Sex-abuse victims have accused the archdiocese of shifting money into the fund to avoid having to pay them, while the archdiocese has said the money was always intended for cemetery care. A judge ruled Monday that Catholic cemeteries are sacred to believers, so setting money aside to maintain them represents the free exercise of religion.

The cemetery trust was formed in 2007 by then-Archbishop Timothy Dolan, four years before the archdiocese filed for bankruptcy protection to deal with hundreds of sex-abuse claims. Dolan specifically wrote to the Vatican seeking permission to move $57 million into the trust.

Archdiocese spokeswoman Julie Wolf said the trust was established for the perpetual care of cemetery sites and funded by sales of cemetery plots and mausoleums.

“Because these funds were held in trust as prescribed by canon law, they were independent of the general assets and could only be used for their intended and pledged purpose — to care for the resting places of the departed as sacred places under canon law,” she said in a written statement.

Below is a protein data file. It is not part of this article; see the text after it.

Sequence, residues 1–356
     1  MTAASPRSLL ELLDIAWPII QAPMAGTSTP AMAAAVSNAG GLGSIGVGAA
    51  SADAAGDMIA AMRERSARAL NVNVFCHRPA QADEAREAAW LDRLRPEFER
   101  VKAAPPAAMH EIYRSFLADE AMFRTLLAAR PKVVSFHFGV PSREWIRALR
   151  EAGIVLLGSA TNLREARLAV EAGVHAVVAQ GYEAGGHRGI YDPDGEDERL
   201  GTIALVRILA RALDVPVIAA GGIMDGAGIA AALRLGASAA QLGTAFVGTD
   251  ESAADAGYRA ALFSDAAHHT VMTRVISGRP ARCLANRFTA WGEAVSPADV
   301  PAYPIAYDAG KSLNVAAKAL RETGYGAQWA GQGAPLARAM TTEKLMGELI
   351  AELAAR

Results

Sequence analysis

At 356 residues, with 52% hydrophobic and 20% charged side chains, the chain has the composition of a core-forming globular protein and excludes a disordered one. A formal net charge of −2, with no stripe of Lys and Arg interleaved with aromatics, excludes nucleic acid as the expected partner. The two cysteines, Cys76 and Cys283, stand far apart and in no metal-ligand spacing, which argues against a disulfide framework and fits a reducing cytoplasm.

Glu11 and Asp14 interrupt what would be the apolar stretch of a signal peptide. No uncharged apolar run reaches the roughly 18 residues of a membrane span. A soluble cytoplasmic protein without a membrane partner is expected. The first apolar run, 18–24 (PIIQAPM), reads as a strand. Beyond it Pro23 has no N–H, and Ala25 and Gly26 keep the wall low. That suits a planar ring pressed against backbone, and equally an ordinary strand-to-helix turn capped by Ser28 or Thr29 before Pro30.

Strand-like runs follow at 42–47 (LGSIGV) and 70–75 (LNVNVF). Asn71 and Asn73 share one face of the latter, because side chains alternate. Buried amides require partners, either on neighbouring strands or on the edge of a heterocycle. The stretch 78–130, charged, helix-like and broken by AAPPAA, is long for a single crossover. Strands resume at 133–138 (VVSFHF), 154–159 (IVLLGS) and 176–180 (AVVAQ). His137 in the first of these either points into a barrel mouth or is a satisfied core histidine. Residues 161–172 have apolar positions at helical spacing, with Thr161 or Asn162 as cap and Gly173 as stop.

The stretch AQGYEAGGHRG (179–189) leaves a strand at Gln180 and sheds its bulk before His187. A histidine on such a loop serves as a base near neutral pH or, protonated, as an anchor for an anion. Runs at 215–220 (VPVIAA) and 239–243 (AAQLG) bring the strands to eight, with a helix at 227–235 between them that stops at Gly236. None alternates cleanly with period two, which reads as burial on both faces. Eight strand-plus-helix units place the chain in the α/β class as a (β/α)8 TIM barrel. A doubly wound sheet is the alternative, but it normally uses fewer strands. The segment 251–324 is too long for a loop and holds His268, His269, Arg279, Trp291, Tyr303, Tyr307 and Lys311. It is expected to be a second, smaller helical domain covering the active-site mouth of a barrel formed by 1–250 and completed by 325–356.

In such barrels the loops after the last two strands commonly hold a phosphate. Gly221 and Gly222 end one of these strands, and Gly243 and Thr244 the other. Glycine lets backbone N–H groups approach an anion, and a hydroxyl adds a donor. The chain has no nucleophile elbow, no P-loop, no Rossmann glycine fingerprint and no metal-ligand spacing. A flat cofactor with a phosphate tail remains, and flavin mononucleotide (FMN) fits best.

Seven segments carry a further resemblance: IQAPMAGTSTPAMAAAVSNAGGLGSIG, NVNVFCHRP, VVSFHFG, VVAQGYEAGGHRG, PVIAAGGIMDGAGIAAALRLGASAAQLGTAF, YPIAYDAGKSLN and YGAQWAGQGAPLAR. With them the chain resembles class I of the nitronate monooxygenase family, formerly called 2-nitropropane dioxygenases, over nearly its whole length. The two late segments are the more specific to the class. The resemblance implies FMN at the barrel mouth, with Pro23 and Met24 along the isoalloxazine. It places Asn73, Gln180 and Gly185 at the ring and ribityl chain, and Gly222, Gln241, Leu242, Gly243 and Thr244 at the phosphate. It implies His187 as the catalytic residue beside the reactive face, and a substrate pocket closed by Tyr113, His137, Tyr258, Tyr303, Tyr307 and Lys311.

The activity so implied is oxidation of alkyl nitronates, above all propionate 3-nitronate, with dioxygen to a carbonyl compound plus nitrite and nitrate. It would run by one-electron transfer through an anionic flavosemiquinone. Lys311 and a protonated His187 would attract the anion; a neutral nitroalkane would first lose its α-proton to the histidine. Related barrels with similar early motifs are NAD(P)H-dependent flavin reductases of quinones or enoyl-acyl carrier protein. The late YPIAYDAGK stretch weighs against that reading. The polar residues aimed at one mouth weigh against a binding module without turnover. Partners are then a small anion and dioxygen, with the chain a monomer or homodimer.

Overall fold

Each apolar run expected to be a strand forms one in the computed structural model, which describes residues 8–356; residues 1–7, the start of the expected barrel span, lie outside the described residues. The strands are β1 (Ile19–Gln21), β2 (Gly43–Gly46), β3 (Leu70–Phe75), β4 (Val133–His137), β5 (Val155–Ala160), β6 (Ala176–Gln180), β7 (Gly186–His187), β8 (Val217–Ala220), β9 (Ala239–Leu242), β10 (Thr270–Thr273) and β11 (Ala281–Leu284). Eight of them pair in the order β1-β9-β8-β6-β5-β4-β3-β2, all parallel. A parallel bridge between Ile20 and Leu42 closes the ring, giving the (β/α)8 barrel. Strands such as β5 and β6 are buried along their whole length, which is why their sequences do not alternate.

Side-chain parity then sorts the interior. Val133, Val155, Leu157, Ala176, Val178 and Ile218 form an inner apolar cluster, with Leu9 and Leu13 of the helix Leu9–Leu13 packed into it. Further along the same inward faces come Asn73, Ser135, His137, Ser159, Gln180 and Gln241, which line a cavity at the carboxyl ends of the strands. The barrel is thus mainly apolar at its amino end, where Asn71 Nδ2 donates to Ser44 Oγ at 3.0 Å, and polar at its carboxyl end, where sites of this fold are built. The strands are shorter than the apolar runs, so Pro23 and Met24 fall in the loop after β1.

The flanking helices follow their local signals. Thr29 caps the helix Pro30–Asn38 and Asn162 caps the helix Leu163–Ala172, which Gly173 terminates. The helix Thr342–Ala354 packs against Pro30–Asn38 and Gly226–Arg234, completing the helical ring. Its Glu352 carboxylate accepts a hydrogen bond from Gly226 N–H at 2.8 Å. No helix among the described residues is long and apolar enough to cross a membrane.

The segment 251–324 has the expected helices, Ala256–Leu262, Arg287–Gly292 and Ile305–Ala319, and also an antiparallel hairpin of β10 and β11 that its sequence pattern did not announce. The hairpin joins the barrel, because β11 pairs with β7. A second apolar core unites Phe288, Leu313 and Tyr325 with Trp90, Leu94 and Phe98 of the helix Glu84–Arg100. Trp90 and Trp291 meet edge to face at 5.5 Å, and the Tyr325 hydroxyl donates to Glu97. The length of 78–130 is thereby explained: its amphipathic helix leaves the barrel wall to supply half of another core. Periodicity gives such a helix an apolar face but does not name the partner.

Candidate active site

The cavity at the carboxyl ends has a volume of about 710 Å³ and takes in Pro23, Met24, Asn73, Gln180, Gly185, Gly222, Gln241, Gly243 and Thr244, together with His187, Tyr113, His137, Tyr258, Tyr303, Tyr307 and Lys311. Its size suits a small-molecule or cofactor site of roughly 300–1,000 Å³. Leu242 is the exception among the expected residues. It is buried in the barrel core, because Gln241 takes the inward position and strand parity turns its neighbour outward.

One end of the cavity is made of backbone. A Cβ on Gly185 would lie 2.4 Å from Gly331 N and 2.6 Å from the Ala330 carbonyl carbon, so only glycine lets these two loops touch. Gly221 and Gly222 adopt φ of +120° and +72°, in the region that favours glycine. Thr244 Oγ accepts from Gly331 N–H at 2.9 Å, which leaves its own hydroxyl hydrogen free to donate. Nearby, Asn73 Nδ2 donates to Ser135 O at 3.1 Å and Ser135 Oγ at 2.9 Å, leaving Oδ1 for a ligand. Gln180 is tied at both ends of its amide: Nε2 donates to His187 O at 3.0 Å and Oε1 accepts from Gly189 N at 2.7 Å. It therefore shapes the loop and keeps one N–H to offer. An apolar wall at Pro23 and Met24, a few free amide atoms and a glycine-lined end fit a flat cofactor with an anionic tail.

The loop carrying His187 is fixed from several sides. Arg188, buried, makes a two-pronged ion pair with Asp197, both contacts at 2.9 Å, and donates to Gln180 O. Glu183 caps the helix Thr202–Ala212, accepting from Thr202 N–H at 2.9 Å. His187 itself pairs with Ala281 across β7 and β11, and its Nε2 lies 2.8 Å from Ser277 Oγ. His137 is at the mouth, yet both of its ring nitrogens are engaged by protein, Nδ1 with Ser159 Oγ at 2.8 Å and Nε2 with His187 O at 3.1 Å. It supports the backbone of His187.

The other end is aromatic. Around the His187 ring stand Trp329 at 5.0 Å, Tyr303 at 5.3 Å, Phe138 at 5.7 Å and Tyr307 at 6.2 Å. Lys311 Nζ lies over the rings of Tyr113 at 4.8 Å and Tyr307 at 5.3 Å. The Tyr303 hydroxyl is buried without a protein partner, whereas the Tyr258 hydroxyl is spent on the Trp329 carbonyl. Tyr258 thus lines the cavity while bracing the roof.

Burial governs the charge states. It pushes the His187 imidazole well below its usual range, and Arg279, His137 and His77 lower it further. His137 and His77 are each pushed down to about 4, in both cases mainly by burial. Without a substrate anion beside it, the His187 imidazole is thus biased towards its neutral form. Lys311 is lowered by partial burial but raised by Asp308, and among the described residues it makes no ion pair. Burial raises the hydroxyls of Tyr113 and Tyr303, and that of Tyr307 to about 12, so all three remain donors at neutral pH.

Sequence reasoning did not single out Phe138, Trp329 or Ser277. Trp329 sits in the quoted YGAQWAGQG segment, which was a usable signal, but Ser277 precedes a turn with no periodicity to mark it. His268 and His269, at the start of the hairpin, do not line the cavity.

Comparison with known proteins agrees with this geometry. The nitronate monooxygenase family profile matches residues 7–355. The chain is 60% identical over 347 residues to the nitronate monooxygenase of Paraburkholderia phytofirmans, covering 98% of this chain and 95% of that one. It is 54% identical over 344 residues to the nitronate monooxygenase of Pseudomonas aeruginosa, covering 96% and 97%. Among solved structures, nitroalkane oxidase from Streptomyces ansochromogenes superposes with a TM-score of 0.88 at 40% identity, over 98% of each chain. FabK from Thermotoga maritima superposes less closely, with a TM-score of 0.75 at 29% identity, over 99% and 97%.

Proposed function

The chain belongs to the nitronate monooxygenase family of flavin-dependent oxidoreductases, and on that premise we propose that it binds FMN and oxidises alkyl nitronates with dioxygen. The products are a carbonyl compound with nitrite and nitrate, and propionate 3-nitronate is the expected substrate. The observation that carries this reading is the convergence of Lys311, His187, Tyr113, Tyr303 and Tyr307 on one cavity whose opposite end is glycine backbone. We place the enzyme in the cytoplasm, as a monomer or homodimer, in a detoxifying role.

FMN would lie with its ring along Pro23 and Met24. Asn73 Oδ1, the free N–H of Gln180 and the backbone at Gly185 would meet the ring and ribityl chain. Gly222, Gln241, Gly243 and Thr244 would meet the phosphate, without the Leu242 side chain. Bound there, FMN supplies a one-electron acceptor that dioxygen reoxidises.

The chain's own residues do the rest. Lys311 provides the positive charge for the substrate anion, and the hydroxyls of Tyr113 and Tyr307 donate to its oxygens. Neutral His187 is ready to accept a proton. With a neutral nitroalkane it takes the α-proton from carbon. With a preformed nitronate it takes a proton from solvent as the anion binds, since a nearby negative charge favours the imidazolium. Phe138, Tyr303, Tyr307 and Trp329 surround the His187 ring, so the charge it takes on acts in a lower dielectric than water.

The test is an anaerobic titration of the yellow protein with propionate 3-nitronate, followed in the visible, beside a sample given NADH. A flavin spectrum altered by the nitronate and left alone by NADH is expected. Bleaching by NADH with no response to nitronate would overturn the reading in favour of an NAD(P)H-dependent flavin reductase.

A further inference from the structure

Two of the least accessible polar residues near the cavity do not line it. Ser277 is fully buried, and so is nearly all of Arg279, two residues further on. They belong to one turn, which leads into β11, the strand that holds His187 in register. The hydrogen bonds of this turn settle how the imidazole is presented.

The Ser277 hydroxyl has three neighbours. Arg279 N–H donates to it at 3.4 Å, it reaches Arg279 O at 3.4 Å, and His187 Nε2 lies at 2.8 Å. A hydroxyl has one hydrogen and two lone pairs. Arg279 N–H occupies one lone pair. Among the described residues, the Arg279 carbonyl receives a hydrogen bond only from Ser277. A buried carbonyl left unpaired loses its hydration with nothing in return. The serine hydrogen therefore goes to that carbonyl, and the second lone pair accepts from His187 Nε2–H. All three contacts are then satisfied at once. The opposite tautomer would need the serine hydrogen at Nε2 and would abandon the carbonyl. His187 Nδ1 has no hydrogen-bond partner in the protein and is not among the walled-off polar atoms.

Peter Isely, an advocate for sex-abuse victims and a spokesman for the Survivors Network of those Abused by Priests, did not immediately return a message Tuesday.

Dolan’s letter to the Vatican came to light earlier this month when it was among thousands of pages of documents released by the archdiocese in conjunction with the bankruptcy case.

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Minn. man convicted in Wis. photo store homicidesLA CROSSE, Wis. (AP) — A jury in western Wisconsin has convicted a Minnesota man of fatally shooting a La Crosse photography store owner and his teenage son in a robbery.

The jury deliberated four hours Tuesday before convicting 40-year-old Jeffrey Lepsch.

The Dakota, Minn., man was found guilty of killing 56-year-old Paul Petras and his 19-year-old son A.J. in May’s Photo in downtown La Crosse on Sept. 15 and then cleaning out their store of about $17,000 worth of equipment.

The La Crosse Tribune (http://bit.ly/15u3q0v) reports Lepsch faces a life sentence.

Prosecutor Tim Gruenke says the victims’ family is satisfied with the verdict but adds, “it’s hard to be happy.”

The prosecution argued Lepsch needed the camera equipment to sell for cash to support his family.